Discussing topical issues for women in cross-cultural and inter-continental relationships

The Spider King’s Daughter, by Chibundu Onuzo


I finished this book today partly because I was interested in the ending, as I’d read many mixed reviews, and partly because I was just trying to get into the story and understand the characters.

This book is set in Lagos and predominantly written from the perspectives of the two main characters, Abike Johnson – an extremely rich Nigerian 17-year old girl – and Runner G – a poor ice-cream hawker, 18 years old, who Abike decides she wants to spend time with. Unbeknownst to her, Runner G’s family used to be wealthy but after the death of his father times became tough, his mother became depressed and he decided to work so his sister would not have to give up school and could provide them with some future hope.

It took me several chapters to get used to the fact that each chapter begins with Abike’s perspective in italics and then Runner G’s in normal type. It’s an interesting way of writing and on many occasions it worked, however it was overused and in my opinion it slowed the story down in places where the pace should have been faster: where I wanted it to pick and move on rather than slow down. It also meant the second half of the story was building up to an ending I felt I knew and was therefore predictable.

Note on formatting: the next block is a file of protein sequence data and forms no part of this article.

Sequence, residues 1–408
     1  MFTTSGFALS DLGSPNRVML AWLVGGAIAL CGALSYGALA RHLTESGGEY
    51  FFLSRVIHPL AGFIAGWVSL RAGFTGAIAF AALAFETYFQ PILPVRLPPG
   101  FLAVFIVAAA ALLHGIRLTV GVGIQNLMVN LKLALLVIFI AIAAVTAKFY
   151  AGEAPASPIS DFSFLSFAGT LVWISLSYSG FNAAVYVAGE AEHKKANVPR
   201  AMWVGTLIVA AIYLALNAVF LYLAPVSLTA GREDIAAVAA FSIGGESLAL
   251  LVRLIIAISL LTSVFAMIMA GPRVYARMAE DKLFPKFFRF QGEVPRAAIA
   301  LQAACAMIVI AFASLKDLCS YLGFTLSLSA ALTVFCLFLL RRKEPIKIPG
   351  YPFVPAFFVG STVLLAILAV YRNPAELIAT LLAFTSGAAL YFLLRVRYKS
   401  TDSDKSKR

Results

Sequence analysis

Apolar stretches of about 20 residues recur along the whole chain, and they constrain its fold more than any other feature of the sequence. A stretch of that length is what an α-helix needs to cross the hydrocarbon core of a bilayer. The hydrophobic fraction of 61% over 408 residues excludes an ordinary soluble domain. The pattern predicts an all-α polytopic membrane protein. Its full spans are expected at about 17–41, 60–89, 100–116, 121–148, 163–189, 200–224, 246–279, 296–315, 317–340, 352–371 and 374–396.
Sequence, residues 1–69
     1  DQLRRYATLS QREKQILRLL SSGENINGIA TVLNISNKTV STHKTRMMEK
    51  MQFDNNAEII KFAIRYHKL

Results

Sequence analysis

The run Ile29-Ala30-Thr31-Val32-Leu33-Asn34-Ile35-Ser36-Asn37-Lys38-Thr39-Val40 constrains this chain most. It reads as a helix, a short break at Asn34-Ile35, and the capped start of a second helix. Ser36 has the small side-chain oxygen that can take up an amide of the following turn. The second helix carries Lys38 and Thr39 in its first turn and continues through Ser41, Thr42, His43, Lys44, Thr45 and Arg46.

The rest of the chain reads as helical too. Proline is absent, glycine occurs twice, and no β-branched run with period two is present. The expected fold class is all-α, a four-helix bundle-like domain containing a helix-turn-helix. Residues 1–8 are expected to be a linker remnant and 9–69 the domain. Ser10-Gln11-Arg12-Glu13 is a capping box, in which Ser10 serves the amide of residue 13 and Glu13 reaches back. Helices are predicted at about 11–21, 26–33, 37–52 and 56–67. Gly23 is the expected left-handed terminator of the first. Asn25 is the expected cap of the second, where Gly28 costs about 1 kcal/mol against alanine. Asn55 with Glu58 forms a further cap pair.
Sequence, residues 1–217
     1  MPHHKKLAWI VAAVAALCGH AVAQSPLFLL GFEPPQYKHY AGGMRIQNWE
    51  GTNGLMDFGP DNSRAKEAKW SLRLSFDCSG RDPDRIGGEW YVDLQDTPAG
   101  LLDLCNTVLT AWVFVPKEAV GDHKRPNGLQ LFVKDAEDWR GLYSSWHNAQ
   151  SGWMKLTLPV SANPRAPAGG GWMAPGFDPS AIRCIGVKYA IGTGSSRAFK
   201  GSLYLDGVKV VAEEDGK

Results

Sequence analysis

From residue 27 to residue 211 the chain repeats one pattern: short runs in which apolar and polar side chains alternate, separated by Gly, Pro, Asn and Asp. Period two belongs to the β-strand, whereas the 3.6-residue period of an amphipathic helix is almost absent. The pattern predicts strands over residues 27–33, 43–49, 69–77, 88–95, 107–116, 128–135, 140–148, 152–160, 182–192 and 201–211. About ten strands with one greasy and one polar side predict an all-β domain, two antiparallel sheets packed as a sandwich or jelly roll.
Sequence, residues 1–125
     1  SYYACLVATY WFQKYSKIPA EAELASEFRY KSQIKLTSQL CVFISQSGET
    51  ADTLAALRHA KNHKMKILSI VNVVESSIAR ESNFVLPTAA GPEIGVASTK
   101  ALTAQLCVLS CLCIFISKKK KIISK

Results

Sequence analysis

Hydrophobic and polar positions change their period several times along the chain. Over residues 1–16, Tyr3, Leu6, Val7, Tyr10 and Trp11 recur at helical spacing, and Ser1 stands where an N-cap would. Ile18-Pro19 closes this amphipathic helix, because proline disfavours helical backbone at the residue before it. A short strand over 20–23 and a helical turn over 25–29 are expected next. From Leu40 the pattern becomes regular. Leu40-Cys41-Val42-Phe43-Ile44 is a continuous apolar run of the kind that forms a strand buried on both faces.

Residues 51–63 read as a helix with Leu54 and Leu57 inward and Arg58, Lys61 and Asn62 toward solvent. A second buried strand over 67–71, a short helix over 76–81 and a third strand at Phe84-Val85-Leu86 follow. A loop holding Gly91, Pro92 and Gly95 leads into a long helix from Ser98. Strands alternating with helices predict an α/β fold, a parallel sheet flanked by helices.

I don’t agree with the blurb and reviews that say this is a Romeo and Juliet story set in Africa. Abike is not an innocent teen and the harshness of Runner G’s life has not made him as savvy as perhaps he might be. The comparison to me is just a good selling point.

Onuzo was 21 when this book was published. She began it at 18. That is a real achievement and to be commended. However, I do feel that the quirkiness of the writing approach, ie telling the same thing from two perspectives, was possibly the intriguing selling point too. However, it just didn’t allow me to really get to know any character in particular. I feel no sympathy for Abike and Runner G just perplexes me. Where you think he is finally gaining ground on Abike’s games and manipulation, and the writer gives us information that encourages us to be sympathetic to our heroine, it just doesn’t come through.

I wanted to like this book so much. At times I felt like I was sitting in an air-conditioned car in the traffic, beckoning to a hawker for something to eat on my way home. It took me back to my life in Ghana and I liked that. I could not however recognise the kind of wealth that Abike’s family portrayed. It was too much. I have seen wealth in Ghana and taught the children of some very rich people but to me Abike’s wealth, specifically her house and family structure, just left me disbelieving. It was too far removed for me to feel like I could join her on any journey she might have. When she was in Runner G’s world, the busy, messy back streets of Lagos, I almost liked her and appreciated her take and effort, but then she’d go into her world and I didn’t want to know her anymore. This would have been fine if Runner G had shown a bit more of himself; but he was too simplistic and I just couldn’t sit with some of his dialogue and interactions with sub-characters, Aunty Precious and Mr T – an unnecessarily confusing character.

As I have done before, when I write a review that is not so favourable, I am going to put links to other reviews of people who did love the story. Because in the end, this is just my opinion. This is also proven by how many awards the book was shortlisted and long listed for in 2012 when it was published.

I will definitely look out for the next Onuzo book with interest and read it with enthusiasm.

Here are some links of just a few other reviews:

Goodreads reviews

Review by James Murua

Afreada Magazine Review


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